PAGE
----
An iconic and well-known Hong Kong attraction, the floating restaurant boat Jumbo Kingdom, capsized on Sunday near the Paracel Islands in the South China Sea after being tugged to an unknown location last Tuesday.
The three-storey floating restaurant has been a landmark in Hong Kong since 1971, serving guests in Aberdeen Harbor and ferrying them back and forth from the restaurant boat on smaller vessels. It was decorated in the ancient Chinese imperial-style, which was largely done away with during China’s Cultural Revolution.
Opened by Macau casino mogul Stanley Ho in 1976, the restaurant drew visitors including Queen Elizabeth II and Hollywood superstar Tom Cruise, according to the restaurant’s website. The restaurant attracted tourists from around the world and appeared in several feature films during its lifespan, including “Enter the Dragon” starring Bruce Lee, and “James Bond: The Man with the Golden Gun.”
A tow company began tugging the 260-foot long dining vessel out of the harbor last week, moving it to an unspecified location. The company was planning on moving the restaurant out of the city for maintenance and storage while it looked for new owners and a cheaper berth.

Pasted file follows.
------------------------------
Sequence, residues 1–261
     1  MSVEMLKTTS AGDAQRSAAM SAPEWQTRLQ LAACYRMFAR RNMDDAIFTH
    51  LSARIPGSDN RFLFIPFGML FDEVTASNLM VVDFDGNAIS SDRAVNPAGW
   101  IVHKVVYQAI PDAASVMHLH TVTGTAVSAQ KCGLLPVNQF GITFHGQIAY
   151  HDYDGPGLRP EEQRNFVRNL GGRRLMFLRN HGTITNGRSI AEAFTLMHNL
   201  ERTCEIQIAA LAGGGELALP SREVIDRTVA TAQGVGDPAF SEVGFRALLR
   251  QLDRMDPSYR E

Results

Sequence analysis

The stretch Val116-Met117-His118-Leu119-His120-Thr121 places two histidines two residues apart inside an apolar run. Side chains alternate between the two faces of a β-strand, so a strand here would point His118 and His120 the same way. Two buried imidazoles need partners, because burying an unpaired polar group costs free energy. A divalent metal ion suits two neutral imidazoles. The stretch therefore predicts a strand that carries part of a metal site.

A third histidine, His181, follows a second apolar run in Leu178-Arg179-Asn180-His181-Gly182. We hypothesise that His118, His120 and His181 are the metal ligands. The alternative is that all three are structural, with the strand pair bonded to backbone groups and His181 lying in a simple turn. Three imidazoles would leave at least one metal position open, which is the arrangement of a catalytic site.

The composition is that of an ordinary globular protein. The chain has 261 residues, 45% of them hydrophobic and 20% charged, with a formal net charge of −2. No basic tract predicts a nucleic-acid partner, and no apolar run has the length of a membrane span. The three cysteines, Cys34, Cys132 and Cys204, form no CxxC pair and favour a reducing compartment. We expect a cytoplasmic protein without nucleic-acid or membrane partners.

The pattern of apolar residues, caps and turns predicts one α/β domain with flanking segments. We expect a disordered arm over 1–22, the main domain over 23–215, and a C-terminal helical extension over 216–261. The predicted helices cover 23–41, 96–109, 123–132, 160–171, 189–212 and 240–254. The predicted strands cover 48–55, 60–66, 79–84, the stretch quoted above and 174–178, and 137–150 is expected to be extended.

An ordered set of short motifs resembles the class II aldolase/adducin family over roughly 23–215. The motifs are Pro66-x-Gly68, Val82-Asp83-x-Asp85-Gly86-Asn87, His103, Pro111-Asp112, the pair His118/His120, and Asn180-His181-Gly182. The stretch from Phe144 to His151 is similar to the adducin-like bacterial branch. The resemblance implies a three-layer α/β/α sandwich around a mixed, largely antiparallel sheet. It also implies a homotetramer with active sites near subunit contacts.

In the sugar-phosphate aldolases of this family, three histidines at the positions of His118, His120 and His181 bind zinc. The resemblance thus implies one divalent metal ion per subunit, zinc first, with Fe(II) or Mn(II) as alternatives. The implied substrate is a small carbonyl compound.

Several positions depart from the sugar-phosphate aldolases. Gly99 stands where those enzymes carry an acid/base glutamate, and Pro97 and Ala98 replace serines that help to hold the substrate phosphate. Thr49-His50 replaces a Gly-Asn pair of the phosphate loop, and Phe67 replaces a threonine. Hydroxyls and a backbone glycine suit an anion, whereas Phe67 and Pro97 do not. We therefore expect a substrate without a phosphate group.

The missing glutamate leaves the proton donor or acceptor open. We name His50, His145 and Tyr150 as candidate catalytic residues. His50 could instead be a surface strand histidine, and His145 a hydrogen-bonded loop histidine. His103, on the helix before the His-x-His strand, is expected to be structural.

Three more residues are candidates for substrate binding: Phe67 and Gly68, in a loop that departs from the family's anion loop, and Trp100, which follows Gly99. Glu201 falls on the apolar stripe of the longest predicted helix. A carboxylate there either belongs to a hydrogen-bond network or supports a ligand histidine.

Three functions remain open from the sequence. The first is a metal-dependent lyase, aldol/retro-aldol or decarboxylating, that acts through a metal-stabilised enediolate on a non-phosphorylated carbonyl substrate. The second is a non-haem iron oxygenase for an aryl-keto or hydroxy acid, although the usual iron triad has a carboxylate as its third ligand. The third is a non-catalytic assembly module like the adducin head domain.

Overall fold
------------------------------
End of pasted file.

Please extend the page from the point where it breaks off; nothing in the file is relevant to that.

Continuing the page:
On Sunday, the boat capsized when it reportedly ran into adverse conditions at sea, and, officials say, sank over 3,280 feet below the surface. Salvage would be “extremely difficult” given the water depth.
Aberdeen Restaurant Enterprises, which owns the sunken Jumbo Kingdom, released a statement this week saying they were “very saddened by this accident,” but confirmed that no one was injured in the incident. The company says they are working to gather more information from the towing company to piece together what led to the sinking.
The floating restaurant had been shuttered since the onset of the coronavirus pandemic in 2020, and its high overhead costs caused the owners to announce the restaurant would be closed until further notice. The ship’s operating license was set to expire soon, so the ship was being taken to an undisclosed shipyard when it met its fate below the surface.
Other ships in the Aberdeen Restaurant fleet remain in the harbor.
ARTICLE: LAURA SPIVAK AND PAUL MURDOCH
MANAGING EDITOR: CARSON CHOATE
PHOTO CREDITS: HEADTOPICS.COM
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